The aim of this article is to look into the ethics of advertising, specifically advertising that focuses on children, explain the economic reasons for why target advertising happens and if there is a case for regulating children's advertising.
"The growth in children's advertising has been driven by efforts to increase not just current, but also future, consumption. Hoping that nostalgic childhood memories of a brand will lead to a lifetime of purchases, companies now plan "cradle-to-grave" advertising strategies". .
(Eric Schlosser, 2001 p.42).
According to the opening extract an increase in children's advertising is a targeted aim by manufacturers to entice the young consumer and instil in them a lifetime of brand loyalty, but what is brand loyalty and why is it important. .
It is important because it costs more to advertise to a new customer than it does to keep an old one, but brand loyalty is when a consumer is unenthusiastic to change from their spending habits of a favoured good or service, but isn't this what all companies aspire too, no matter who the market is aimed at! It's all big business and it's a very competitive market out there.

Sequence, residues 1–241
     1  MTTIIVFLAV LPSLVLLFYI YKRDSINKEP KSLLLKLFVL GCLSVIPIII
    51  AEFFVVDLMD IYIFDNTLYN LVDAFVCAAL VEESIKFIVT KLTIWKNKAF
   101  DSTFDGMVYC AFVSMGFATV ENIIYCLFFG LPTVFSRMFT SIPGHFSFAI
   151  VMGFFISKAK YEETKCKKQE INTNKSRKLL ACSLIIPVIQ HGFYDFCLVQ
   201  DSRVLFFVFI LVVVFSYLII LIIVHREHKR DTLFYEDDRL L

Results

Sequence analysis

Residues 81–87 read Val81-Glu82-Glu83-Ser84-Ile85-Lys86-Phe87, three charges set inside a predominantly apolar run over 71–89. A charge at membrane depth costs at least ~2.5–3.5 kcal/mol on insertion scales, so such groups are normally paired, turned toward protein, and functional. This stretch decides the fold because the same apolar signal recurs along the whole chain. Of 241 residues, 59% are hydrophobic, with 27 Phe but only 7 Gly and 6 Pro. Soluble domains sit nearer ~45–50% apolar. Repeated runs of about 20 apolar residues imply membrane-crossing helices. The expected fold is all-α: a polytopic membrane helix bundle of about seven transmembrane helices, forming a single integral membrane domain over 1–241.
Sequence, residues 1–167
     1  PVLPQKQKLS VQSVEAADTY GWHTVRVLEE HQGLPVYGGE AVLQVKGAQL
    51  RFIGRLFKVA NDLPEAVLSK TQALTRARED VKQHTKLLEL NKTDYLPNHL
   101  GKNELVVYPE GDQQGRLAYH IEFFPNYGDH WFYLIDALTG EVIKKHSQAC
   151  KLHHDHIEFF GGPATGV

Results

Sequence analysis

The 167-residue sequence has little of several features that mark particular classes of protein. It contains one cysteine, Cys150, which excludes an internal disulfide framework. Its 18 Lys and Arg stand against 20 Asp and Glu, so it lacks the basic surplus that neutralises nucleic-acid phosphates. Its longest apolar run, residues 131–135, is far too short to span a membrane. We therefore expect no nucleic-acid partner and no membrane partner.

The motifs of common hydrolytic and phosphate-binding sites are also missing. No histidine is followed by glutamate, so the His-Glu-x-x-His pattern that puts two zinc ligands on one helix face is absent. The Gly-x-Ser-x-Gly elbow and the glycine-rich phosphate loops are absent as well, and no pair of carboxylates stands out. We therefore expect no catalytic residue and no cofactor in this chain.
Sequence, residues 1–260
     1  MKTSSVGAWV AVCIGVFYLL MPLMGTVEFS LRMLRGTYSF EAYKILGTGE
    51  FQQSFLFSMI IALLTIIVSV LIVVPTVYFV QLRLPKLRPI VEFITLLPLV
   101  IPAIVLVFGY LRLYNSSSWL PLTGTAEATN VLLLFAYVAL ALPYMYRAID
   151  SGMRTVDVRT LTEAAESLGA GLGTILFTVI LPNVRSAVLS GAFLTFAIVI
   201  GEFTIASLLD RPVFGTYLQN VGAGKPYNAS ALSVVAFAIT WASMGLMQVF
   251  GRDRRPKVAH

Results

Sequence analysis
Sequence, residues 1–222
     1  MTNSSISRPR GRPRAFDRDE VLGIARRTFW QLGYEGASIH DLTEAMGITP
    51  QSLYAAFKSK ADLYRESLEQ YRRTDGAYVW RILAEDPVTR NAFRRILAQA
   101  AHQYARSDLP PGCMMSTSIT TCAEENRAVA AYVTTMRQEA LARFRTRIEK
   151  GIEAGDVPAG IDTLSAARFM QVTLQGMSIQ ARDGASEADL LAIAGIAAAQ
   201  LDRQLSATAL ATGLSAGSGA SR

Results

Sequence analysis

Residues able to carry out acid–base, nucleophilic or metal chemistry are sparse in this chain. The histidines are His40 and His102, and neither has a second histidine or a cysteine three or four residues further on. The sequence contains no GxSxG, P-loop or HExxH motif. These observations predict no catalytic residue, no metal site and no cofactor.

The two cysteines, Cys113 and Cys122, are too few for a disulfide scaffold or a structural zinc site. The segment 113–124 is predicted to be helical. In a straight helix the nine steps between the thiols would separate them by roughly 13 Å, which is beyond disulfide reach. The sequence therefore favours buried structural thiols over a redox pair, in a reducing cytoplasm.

Child advertising is defiantly on the increase, just by looking at commercial channels such as Citv on Carlton or any of the children's cable channels it is clear to see that children's hour is bombarded with bright, high-impact, fast action merchandising. .
Persuading somebody to buy your product in today's competitive market is a hard enough task, but even harder when your dealing with a market of trend setting, unpredictable, highly critical children who lose interest at the drop of a hat.
"It's estimated the average child sees between 20,000 - 40,000 commercials every year." (Leonhardt et al 1995 P.1).
For years, we have been exposed to the different forms of media, like newspapers, magazines, television, films, radio, and more recently the Internet.